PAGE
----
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Patagonia's Clean Green Wetsuit

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by Clark Tate

Aug. 6, 2013—Patagonia, the perpetual innovator, has done it again. The company that looks at playing hooky as a perk and actually encourages customers to buy fewer of their products has discovered a process that will turn a simple seed into that most essential piece of Santa Cruzan oceangoing gear, a wetsuit. No, they haven’t Frankensteined a wetsuit-growing tree. What they did do was spend four and a half years investing in a wetsuit material that would satisfy the second half of their mission statement: “use business to inspire and implement solutions to the environmental crisis.”

This fall Patagonia stores worldwide will be selling a version of its most popular wetsuit, the R2 front-zip made of 60 percent renewable, biodegradable and plant-based Yulex biorubber. The remaining 40 percent of the suit is currently composed of neoprene, but not for long. Patagonia Surf Director Jason McCaffrey says, “Our goal is to have the formula be 100 percent plant-based, but we feel that for now this new material is a big enough step forward to let the world know it is possible to buy something cleaner.”

The groundbreaking biorubber is sourced from the guayule (“why-YOU-lee”) plant by Patagonia’s partner in invention, the Yulex Corporation. A perennial species native to the high deserts of North America, guayule is grown in the U.S. (largely southern Arizona), requires no pesticide use and needs very little water to grow. According to a video on the subject, after maturing for three years the entire plant is mulched and homogenized and the biorubber, which originates in the bark, skimmed from the top. Water serves as the primary solvent, and all byproducts are organic and creatively repurposed—think products from garden soil to fuel source.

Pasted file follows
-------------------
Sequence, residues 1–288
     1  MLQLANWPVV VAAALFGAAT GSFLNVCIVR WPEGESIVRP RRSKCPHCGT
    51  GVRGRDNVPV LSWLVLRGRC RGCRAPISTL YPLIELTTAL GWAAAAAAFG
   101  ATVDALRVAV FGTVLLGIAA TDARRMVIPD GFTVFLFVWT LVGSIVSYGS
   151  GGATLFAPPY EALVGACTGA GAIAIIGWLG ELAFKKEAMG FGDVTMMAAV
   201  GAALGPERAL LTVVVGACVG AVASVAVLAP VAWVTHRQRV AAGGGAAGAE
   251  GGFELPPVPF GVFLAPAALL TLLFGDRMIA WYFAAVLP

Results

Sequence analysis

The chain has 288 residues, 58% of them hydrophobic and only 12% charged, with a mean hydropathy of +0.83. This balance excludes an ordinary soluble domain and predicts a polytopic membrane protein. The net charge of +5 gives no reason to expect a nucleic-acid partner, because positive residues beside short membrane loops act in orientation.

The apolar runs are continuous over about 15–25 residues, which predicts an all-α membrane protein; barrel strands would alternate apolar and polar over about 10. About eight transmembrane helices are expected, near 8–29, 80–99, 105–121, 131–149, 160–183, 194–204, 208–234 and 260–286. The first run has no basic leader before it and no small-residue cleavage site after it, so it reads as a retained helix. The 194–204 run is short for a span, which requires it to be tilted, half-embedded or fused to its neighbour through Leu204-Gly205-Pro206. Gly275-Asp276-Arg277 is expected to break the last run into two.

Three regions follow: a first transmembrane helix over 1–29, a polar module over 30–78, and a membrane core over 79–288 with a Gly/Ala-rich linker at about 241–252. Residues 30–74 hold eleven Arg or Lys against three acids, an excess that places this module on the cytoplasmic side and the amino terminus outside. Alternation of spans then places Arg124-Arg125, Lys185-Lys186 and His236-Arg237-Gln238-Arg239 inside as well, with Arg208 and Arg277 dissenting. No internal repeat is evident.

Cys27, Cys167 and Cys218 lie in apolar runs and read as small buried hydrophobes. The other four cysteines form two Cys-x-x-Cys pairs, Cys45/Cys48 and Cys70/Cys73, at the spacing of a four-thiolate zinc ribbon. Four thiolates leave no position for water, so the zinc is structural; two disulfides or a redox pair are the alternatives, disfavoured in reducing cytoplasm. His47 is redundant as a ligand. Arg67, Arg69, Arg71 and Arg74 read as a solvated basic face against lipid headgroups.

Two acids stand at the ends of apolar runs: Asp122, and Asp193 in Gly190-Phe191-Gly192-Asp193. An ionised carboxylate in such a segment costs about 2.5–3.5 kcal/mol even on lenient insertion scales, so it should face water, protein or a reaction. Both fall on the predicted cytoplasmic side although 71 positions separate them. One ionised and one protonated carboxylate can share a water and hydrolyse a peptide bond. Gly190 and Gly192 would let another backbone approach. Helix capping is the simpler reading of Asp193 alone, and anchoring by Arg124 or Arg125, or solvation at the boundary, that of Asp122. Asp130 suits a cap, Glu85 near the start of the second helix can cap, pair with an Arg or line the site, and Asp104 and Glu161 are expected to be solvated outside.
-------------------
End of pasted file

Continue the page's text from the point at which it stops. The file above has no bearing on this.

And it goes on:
Regardless of how spectacularly the second half of the mission statement is satisfied, the wetsuit could be a tough sell if it doesn’t achieve the first bit, “Build the best product.” McCaffrey believes that the product will show that “there’s really no difference in performance, in durability, in quality and stretch, and all that stuff that people look for in a wetsuit.”

One thing that is reportedly different: the smell, which McCaffrey told Transworld Business is like “eucalyptus or to some people pine trees … It’s pretty wild because once you notice it the smell stays in your head. Regular wetsuits smell like the floor of a gas station in comparison.”

What’s even better? Patagonia plans to share the eco-conscious wealth. “There’s no point—from an ecological perspective—to develop this technology and be the only ones in the industry using it,” McCaffrey explains on Cool Hunting. With that in mind, they’ll be sharing the technology with every major wetsuit manufacture out there.

At about $100 more than the traditional R2, the suits are spendy. But, come on, dressing the kooks at Cowells in plant matter while helping corporations catch the wave of environmental consciousness? Thanks, Patagucci, we’ll pay for that.

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